A central question of the Bible–both the old and new testaments, in different ways–is this: who is my neighbor, and what is my responsibility to them? Writers who have shined a light on marginalized communities wrestle with this responsibility in different ways. James Agee was famously guilt-ridden, anxious, self-loathing, and tortured, convinced he was doing it wrong (yet writing 400 pages and publishing it anyways). Dorothy Day wrote to fellow Catholics about their personal responsibility for the poor, and she proposed solutions that would bring about a world where it would be easier to do good. Arnade is wrestling with this question in his own way. His solution–to listen to people–is one that he at least is taking seriously. But is it enough for those of us reading? I’m not convinced.
It is not clear where I would fit into Arnade’s worldview of back row folks and front row folks. I had access and opportunity to education but have consistently made choices to not be upwardly mobile. Because of my faith, I wanted from an early age to be in relationship with the people that Jesus seemed to be obsessed with: the poor, the sick, and the sad. For over 15 years I have lived in neighborhoods that Arnade might have driven through and photographed. I take my kids to the local McDonald’s more often than I care to admit, listening to them shriek as they scrabble all over the beat-up playplace. Our neighborhood doesn’t have many public parks or community centers–just skyrocketing rents, jobs that don’t cover the basic necessities, and the lowest-rated schools in the state. I have lived in these spaces long enough to know that I only understand this world in part, and I have the ethical responsibility to think long and hard before I project my own assumptions and worldview onto others. I walk the line between desiring to show others the reality of life on the fringes of a capitalistic society which values money over people and actually committing long-term to honor the people I live next to, send my kids to school with, and eat french fries with on the regular. Even though I have been here for years, I still remain someone who has crossed the tracks, who wanders through the neighborhood part starry-eyed do-gooder, part judgmental observer.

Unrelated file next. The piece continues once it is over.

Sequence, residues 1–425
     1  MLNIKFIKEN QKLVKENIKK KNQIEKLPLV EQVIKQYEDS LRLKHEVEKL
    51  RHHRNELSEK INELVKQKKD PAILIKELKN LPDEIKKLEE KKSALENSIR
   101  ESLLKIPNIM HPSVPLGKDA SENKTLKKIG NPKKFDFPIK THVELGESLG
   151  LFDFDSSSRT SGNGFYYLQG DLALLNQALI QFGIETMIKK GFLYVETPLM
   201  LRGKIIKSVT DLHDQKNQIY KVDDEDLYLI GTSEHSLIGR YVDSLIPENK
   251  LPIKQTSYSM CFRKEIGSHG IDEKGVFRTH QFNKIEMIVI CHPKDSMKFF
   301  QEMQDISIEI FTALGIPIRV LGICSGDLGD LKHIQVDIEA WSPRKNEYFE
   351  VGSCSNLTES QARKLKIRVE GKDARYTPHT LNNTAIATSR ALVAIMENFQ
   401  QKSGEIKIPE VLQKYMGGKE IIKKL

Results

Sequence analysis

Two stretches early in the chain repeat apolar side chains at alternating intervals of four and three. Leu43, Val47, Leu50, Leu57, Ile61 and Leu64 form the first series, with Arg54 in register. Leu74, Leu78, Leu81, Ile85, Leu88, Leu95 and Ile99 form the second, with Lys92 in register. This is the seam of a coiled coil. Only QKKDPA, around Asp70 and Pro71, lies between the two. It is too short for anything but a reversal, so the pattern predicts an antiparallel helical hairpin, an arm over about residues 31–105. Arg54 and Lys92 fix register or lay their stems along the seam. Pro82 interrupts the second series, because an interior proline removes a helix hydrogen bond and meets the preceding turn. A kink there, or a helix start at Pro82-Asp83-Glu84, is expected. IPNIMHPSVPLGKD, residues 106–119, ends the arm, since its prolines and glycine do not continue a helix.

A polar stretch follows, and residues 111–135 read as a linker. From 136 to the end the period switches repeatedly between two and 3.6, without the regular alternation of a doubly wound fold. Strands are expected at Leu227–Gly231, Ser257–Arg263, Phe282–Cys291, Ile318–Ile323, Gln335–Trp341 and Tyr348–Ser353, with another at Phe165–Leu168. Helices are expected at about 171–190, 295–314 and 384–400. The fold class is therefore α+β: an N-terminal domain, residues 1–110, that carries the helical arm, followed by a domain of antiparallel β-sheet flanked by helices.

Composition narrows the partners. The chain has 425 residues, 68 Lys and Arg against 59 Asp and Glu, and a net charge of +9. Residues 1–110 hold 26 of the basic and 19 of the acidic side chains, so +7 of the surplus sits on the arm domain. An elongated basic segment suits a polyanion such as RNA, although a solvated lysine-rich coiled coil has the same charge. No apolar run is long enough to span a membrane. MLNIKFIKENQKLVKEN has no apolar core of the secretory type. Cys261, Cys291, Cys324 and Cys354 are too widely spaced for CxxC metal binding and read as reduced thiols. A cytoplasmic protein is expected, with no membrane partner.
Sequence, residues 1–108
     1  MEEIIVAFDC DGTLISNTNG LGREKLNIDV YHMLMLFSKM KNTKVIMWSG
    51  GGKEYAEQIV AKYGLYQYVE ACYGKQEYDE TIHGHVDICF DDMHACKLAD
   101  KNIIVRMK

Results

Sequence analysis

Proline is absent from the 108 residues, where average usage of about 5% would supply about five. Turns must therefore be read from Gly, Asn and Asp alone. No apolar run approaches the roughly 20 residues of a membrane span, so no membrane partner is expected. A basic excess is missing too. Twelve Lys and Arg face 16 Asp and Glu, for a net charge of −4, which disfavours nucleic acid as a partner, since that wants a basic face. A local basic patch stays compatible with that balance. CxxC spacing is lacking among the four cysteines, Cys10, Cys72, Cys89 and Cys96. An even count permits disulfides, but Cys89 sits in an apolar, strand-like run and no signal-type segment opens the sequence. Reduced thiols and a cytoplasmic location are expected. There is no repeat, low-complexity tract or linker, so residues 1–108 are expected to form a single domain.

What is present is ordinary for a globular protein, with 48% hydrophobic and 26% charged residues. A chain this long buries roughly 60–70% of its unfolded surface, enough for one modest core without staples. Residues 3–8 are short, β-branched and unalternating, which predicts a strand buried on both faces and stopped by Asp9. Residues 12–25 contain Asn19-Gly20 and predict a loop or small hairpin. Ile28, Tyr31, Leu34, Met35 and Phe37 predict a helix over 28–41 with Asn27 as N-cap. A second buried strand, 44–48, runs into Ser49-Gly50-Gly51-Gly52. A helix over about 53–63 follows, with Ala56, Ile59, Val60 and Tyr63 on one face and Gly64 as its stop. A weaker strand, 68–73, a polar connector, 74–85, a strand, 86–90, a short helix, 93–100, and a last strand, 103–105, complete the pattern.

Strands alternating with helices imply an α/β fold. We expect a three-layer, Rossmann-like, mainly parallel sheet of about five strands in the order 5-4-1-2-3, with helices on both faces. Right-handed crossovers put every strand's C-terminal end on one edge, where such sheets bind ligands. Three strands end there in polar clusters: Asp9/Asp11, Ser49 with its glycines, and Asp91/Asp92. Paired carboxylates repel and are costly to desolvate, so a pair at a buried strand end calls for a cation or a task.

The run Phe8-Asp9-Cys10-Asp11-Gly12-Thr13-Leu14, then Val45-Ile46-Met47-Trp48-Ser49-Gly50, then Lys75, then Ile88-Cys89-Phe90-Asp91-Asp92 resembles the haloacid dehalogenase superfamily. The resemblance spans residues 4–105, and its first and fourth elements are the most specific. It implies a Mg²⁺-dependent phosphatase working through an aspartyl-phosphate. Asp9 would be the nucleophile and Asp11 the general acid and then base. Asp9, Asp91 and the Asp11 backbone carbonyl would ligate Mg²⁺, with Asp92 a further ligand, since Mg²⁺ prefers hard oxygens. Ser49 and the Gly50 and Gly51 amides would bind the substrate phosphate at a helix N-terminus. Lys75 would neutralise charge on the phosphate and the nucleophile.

I am in love with my neighborhood because I am in love with the people, how resilient and complicated they are, and how they teach me how wrong I have been about the world. They have proven to me what Jesus said in his most famous sermon, the one on the mount: “blessed are the poor in spirit, for they shall see God.” After reading Dignity I went back to the photographs (which I am sure I will return to again). And I prayed the beatitudes over the people pictured within, those souls already infused with the dignity that comes from being made in the image of God.
These communities speak prophetically to us who are comfortable: they remind us that all is not well in the world.
Dignity is a good first step for those seeking out stories from the margins, but it remains squarely in the territory of an outsider exploring the complexities of their context. Arnade’s love for the people he meets is evident, but will it be enough for the reader, removed by geography, experience, and proximity to suffering? Shalom, says indigenous theologian Randy Woodley, only happens when the most marginalized in a community are flourishing. This is precisely why these communities speak prophetically to us who are comfortable: they remind us that all is not well in the world. It also brings to mind the bigger picture we are working towards, a world that is on earth as it is in heaven, where all are working together for the good of all–a distinctly Christian vision. It will take proximity and policies, it will involve entering into the suffering of another. And one day I do hope to see a world where the inherent dignity of us all is illuminated and celebrated, where the prophets among us can finally receive the flourishing they have so long been seeking.